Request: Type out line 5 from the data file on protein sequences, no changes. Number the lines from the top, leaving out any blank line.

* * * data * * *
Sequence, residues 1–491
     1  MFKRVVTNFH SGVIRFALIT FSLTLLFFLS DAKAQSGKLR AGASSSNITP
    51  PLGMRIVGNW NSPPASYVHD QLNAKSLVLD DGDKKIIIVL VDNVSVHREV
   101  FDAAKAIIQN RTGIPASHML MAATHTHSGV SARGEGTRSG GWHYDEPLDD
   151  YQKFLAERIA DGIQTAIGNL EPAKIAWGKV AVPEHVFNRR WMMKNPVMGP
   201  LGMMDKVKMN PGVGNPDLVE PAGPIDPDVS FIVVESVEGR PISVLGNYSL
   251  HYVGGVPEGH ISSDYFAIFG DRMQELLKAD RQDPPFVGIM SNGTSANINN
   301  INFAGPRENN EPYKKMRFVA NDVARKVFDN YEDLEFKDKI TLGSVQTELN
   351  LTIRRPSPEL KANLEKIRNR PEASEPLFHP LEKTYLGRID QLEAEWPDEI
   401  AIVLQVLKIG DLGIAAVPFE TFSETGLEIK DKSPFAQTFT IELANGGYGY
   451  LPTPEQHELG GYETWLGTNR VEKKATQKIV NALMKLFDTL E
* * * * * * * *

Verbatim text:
   151  YQKFLAERIA DGIQTAIGNL EPAKIAWGKV AVPEHVFNRR WMMKNPVMGP